I agree that he shouldn’t throw Clark under the bus but I think you can admit that you got the tactics wrong without throwing him under the bus. If he mentions that perhaps it would have been better to start with a 4-5-1 to allow the midfield to build slowly or to mention that you felt the defense needed additional protection then I think it’s not throwing anyone under the bus. I think getting yanked 30 minutes in with the entire world watching is far worse than any comments made on the DP show.

        To not mention anything needs to change in terms of the lineup is just ridiculous. The whole world saw that you got it wrong and not just with Clark (Findley). He proved that he got it completely wrong when he’d burned two subs before the second half even started to switch to a 4-5-1/4-3-3.


    • Posted by KMac on 2010/06/29 at 11:03 PM

      I get the sense that Bob is more protecting his players by not slagging them to those on the “outside” rather than “not getting it”. What does he gain as a coach by essentially throwing Rico under the bus in the mainstream media? I think that is one reason why players are behind him and in many cases play as a team in contrast to England and France with the Coaches like Capello or Domenech.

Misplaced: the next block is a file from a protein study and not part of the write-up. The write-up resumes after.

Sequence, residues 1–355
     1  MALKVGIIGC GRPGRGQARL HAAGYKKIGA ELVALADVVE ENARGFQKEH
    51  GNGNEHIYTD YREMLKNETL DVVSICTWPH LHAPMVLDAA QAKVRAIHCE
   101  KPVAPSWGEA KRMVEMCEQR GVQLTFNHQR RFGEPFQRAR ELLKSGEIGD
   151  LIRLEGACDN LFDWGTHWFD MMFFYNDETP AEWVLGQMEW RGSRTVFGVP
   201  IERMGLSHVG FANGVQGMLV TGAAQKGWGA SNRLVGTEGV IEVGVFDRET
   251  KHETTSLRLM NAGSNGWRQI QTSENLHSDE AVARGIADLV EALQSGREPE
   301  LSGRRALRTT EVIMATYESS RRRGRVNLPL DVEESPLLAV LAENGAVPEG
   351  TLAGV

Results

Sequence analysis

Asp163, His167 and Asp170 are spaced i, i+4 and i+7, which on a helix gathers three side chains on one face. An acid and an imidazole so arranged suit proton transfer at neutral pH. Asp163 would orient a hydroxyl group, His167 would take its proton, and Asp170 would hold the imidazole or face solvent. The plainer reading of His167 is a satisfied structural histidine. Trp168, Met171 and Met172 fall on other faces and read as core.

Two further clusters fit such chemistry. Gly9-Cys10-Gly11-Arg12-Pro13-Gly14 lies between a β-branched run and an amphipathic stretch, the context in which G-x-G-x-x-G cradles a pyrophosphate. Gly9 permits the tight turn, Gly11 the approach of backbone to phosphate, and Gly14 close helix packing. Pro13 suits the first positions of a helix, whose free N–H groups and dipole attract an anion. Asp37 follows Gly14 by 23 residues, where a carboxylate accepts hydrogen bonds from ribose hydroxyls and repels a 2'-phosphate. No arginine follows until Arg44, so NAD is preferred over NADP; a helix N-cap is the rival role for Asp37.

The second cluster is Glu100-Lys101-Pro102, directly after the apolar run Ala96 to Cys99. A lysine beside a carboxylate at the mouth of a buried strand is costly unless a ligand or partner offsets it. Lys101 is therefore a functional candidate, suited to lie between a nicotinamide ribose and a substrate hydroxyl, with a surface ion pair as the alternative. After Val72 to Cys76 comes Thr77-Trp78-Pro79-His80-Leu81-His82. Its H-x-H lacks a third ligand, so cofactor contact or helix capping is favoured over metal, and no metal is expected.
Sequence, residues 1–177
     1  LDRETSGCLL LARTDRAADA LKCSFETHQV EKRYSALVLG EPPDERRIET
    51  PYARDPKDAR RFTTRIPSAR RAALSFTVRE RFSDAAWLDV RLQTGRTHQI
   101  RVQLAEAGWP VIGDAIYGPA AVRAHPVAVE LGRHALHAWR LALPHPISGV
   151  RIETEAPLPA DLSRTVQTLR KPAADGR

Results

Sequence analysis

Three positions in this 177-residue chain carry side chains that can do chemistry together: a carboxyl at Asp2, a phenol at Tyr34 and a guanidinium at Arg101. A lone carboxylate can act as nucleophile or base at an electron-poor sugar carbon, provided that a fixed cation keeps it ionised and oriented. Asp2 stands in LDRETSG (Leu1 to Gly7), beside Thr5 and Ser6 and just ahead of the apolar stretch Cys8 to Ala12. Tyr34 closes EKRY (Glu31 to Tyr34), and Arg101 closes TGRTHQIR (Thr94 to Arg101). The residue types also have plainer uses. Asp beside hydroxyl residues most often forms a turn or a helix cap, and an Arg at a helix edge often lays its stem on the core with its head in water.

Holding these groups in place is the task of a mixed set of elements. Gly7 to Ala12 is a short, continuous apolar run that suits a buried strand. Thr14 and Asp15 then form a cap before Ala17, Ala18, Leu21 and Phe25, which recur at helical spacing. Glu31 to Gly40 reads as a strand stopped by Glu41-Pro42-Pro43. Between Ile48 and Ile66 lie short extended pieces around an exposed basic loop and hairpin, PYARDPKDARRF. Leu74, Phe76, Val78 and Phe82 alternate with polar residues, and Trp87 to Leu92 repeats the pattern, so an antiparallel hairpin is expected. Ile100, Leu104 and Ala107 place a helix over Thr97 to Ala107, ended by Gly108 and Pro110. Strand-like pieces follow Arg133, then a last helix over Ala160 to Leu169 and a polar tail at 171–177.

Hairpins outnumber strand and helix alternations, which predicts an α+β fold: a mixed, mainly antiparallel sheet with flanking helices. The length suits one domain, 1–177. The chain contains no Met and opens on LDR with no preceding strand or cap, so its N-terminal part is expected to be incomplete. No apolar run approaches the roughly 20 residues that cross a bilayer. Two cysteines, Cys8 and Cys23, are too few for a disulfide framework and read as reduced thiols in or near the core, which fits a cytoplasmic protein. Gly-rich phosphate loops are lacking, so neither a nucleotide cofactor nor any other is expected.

If we were on “the inside”, we might hear some different words than the public relations media answers. Just another perspective, I could be wrong.


      • Posted by KMac on 2010/06/29 at 11:09 PM

        Sorry I repeated what others already pointed out. I should have read ahead before responding.


  2. Posted by jonk on 2010/06/29 at 3:44 PM

    I think the most impressive thing is that SI runs with the headline “Bradley wants to stay…” when he answered very vaguely and diplomatically.

    And do you guys seriously expect Bradley to say he regrets starting a particular player? Maybe when he writes his autobiography someday, but certainly not while he’s still their coach. I wish he’d be honest, but really why does it matter? He’s got a long history of keeping his real feelings about these things within the inner circle and as much as we feel we’re entitled to pick his brain, the USSF are the only ones he has to answer to candidly.